Appreciate Long-Distance Employees

Two foundational facts shape today’s work environment.

First, we know that employees consistently report that they desire to feel appreciated by their supervisors and colleagues. When employees feel truly valued, good things happen.

Second, more work relationships exist in the context of remote locations. Increasing numbers of employees work in locations separate from their colleagues and supervisor, with virtual teams occurring across cities, states and countries.

According to Forrester Research, the number of people who work remotely will double by 2016, from about 34 million to roughly 63 million people. 

The combination of these two factors creates a challenge for talent managers: How do you communicate appreciation to your team members in long-distance relationships?

First step: Words. Telephones, emails, texting or videoconferences are all accessible methods for communicating appreciation via words. Largely, the challenge most supervisors and colleagues have to overcome is taking the time to do so. Communicating appreciation verbally is the most common method used.

Problem: Not everyone values words. In my work, we’ve found that only about 40 percent of individuals report that their preferred way of receiving appreciation is through words. While communicating appreciation to your colleagues is a positive, doing so primarily through words means that you are “missing the mark” with a majority of your team members.

Why? Because some individuals view “words as cheap,” or have the view that “actions speak louder than words.” By inference, you’re wasting some of your time and energy in these instances.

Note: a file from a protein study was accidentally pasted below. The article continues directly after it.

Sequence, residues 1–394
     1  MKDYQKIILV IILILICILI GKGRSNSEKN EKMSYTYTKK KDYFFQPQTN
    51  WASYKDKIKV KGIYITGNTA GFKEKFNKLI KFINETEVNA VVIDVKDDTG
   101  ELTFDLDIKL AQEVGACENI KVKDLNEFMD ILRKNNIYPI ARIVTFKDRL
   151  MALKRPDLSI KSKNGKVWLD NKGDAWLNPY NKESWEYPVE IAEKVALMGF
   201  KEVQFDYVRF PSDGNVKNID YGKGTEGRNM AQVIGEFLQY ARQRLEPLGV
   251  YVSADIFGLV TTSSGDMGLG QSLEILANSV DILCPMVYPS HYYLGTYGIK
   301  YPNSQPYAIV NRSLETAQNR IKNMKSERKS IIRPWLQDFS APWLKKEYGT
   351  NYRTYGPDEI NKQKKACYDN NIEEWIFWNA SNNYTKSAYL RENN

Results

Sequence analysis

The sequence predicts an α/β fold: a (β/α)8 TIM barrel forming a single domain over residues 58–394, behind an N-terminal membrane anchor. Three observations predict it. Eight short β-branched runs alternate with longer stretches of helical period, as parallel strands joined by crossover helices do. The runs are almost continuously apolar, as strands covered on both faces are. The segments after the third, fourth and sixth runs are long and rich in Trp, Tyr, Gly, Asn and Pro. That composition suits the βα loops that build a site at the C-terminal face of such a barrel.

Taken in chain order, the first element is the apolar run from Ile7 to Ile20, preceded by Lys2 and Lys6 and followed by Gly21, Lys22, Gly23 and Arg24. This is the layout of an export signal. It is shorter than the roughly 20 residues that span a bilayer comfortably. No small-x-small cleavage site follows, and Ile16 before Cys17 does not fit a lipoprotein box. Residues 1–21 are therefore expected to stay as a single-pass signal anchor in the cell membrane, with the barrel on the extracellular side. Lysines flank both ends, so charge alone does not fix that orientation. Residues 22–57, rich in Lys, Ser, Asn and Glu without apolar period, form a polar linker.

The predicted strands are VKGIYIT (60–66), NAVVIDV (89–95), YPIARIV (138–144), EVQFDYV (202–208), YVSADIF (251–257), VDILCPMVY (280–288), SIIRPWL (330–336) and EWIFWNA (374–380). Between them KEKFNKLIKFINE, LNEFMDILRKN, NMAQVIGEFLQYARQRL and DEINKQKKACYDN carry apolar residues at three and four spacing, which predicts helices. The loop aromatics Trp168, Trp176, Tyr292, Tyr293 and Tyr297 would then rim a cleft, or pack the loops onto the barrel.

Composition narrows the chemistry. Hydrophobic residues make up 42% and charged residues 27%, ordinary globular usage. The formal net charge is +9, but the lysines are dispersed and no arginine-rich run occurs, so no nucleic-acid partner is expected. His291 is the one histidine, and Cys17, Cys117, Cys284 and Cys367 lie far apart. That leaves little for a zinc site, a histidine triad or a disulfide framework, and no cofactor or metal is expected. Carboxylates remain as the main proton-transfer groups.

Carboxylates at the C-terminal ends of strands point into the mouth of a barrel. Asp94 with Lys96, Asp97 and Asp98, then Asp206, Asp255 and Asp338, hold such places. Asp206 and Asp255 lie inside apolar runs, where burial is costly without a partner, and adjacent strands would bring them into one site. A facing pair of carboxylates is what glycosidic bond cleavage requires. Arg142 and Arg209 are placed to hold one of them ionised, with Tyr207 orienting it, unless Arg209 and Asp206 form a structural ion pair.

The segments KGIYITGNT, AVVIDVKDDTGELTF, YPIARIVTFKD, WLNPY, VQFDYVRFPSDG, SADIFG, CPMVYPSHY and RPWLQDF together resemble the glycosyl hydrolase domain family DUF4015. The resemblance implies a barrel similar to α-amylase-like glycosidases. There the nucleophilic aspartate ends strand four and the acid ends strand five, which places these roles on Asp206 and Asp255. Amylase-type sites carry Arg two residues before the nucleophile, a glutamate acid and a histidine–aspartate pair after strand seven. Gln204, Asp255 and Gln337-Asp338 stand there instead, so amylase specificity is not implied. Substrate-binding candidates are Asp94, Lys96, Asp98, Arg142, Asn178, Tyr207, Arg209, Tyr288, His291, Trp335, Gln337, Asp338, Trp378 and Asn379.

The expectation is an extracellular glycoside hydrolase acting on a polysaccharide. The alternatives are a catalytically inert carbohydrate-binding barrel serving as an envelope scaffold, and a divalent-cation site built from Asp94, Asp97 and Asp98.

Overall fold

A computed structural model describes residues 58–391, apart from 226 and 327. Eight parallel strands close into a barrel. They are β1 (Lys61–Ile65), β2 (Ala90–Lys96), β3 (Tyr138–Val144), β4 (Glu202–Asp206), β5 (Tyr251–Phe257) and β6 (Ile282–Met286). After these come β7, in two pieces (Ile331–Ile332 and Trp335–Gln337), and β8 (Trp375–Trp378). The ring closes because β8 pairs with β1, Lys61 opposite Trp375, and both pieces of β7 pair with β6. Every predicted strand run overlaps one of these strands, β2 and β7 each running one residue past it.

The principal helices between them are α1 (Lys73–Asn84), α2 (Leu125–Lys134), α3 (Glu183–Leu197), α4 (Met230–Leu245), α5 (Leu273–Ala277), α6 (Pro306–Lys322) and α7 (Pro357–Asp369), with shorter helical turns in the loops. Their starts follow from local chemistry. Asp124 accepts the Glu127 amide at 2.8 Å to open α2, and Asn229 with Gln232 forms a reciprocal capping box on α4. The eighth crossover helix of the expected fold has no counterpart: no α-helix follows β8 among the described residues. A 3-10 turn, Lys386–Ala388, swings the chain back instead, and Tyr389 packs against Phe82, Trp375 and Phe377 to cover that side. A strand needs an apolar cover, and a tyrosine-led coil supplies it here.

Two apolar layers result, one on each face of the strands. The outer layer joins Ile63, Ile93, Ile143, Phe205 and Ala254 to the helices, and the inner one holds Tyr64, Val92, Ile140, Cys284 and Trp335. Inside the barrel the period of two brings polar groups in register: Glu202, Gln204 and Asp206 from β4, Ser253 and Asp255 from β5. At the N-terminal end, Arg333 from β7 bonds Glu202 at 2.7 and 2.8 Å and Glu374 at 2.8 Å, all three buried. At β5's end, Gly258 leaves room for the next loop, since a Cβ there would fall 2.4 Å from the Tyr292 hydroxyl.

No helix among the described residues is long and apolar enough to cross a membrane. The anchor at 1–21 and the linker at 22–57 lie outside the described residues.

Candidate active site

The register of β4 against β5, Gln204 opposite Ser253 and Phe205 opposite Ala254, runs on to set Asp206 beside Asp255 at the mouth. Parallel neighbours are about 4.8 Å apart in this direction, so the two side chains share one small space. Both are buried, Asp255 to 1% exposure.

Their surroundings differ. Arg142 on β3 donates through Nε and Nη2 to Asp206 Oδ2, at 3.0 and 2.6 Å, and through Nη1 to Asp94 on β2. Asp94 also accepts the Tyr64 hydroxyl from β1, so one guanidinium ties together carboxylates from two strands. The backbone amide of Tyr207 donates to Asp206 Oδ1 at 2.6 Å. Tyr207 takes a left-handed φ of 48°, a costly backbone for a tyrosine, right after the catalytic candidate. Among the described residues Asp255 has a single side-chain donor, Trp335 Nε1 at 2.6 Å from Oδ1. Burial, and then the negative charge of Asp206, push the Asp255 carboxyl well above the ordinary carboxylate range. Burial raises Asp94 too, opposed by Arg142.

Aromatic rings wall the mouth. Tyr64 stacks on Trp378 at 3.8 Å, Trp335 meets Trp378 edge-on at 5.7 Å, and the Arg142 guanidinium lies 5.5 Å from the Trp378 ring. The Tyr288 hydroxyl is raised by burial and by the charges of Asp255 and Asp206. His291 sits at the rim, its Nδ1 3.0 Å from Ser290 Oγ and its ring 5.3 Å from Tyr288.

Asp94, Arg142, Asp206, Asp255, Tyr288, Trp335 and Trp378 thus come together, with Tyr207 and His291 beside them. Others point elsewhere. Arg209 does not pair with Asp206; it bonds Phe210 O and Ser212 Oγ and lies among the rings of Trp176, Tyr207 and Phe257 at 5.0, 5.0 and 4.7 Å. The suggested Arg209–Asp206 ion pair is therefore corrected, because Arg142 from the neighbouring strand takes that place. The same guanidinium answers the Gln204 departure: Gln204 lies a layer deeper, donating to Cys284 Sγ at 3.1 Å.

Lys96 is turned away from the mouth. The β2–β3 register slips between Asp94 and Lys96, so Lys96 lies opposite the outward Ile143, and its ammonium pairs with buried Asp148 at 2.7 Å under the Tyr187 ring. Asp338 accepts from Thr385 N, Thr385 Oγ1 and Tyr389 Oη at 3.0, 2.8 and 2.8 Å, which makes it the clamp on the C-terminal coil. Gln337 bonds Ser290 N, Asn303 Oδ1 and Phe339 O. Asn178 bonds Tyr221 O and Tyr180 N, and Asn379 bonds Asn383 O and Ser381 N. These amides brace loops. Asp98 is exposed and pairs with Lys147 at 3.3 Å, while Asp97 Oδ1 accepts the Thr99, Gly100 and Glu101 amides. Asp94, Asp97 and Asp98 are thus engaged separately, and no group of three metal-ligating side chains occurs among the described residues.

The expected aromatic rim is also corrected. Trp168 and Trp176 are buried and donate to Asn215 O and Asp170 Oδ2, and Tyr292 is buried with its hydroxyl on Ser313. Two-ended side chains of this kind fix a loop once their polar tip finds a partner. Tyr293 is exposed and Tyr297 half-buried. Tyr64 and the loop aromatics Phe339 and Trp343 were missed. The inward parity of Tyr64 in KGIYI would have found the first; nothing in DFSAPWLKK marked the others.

Even though words of appreciation can be easily communicated across long distances, challenges remain.

One of the biggest barriers is the lack of opportunity for those short chance encounters that occur when you work in the same location — getting something in the break room, walking through the hallway in the office or sitting together in the conference room waiting for a meeting to start. 

All of these provide the occasion to be able to chat for a few minutes, check in and see how they are doing or hear about their weekend. In long-distance work relationships, these events don’t occur.

Reaching those employees who value other types of acts of appreciation can be even more difficult. However, in my work with groups who have team members spread across cities, states and the world over, I discovered two important facts: communicating appreciation over long distance can be done, and to do so takes more planning than in same-location relationships.

The following actions can be helpful in long-distance work relationships:

  • Schedule a call occasionally just to chat.
  • Give them your undivided attention when you are talking on the phone.
  • Set aside some time to talk about nonwork related topics.
  • Set up a videoconference.

In the area of providing some act of service, the following actions are effective:

  • Agree to schedule a meeting or call when it is convenient for them, not you.
  • Assign some staff assistance in completing some menial task for them.
  • Work out a plan to answer their phone calls or emails for a specified period of time.

Even when getting some small gift, a little extra effort can be quite effective:

  • Find out their favorite lunch spot and arrange to pay for their meal.
  • Do some investigation about their preferred place for coffee and dessert and get them a gift certificate there.
  • Send them some food, spices, magazines or sports memorabilia that are hard-to-find where they currently work.

While communicating appreciation in long-distance work relationships takes time and effort, it can be done and is important to do. Without ongoing appreciation and support for the work they’re doing, employees who work remotely are more at risk for becoming discouraged, not engaged, with their work.